The Daily Telegraph

Workers at odds with bosses over returning to the office

- By Lucy Burton, Tom Rees and Hannah Boland

BOSSES are on a collision course with staff over a shift to permanent home working as official figures indicate huge numbers of employees want to stay away from the office.

The Prime Minister’s delay to the Covid-19 roadmap yesterday evening means hopes have been dashed for organisati­ons seeking a return to normal from next Monday.

However, figures from the Office for National Statistics released yesterday suggested that many staff are hopeful that they will not have to return permanentl­y at all.

A total of 85 per cent of adults who are working from home want to adopt a “hybrid” approach after the pandemic by splitting their time between home and the office, data from the ONS revealed.

At the same time, almost two in five firms expect more than three quarters of staff to be in their normal workplace post-covid, indicating that businesses and employees could be at loggerhead­s when the Prime Minister’s work from home advice is lifted.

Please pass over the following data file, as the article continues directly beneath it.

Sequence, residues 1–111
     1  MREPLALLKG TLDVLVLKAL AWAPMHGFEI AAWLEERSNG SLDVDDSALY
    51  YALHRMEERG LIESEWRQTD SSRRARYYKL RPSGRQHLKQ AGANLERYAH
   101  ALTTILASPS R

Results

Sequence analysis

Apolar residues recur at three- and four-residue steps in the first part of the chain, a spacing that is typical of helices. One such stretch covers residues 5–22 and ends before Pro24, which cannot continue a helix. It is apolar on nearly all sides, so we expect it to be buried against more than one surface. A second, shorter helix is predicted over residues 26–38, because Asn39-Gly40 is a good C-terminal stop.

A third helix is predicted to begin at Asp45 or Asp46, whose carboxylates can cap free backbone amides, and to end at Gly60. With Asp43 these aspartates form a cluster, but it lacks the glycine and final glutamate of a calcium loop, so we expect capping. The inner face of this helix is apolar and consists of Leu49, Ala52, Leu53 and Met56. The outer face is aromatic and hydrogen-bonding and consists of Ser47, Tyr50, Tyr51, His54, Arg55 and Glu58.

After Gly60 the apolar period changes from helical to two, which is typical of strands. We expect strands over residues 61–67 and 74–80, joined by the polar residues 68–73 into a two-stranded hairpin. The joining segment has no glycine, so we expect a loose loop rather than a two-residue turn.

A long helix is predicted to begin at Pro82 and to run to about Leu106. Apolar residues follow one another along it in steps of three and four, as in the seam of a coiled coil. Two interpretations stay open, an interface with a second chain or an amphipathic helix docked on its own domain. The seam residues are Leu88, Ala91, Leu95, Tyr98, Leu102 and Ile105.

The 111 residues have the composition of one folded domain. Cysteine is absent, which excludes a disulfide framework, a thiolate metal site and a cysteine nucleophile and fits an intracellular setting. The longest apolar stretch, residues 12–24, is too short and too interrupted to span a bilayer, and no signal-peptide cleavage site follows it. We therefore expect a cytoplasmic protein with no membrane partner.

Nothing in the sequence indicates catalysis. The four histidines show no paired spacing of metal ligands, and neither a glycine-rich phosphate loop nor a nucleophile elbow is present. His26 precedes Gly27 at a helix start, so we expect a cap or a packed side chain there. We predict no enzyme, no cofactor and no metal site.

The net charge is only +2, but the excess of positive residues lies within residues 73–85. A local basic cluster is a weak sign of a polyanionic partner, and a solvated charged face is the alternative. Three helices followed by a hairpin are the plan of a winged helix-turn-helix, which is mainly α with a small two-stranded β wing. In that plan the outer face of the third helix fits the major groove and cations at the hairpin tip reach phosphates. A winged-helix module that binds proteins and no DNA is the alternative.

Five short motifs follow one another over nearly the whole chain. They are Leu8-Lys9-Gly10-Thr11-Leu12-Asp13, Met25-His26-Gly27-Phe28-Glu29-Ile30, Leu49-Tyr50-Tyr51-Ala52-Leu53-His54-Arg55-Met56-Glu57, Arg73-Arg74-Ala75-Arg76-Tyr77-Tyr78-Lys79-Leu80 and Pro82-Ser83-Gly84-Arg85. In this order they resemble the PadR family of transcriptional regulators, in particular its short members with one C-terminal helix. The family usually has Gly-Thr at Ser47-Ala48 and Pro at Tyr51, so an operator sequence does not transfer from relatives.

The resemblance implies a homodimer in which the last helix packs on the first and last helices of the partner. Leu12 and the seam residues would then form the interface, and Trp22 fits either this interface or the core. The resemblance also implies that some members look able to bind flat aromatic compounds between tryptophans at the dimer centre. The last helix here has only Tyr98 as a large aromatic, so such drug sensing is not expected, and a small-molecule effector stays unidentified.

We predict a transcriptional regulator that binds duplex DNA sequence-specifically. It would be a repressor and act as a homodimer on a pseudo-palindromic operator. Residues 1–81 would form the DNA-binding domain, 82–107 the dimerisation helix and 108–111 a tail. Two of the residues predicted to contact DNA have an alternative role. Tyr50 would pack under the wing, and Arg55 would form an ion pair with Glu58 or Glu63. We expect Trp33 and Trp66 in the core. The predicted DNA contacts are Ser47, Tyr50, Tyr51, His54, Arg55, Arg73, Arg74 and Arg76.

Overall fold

Joseph Lappin, head of employment at law firm Stewarts, said that workers were unlikely to have reasonable grounds to defy instructio­ns to return to the office once restrictio­ns are lifted.

He said: “If employers instruct staff to come back, to go back to the office, in ordinary circumstan­ces that would be a lawful and reasonable instructio­n.”

Half of Britons are already at their place of work as of mid-may while a quarter remain at home and 11pc are hybrid working, the ONS said.

Work from home advice will remain in place until the middle of next month.

The move is expected to stoke tensions between staff and bosses, prolonging the pain suffered by city centres reliant on office commuters.

Mr Lappin said employers could face legal action if they fire staff who refuse to return to the office while work from home advice is in place.

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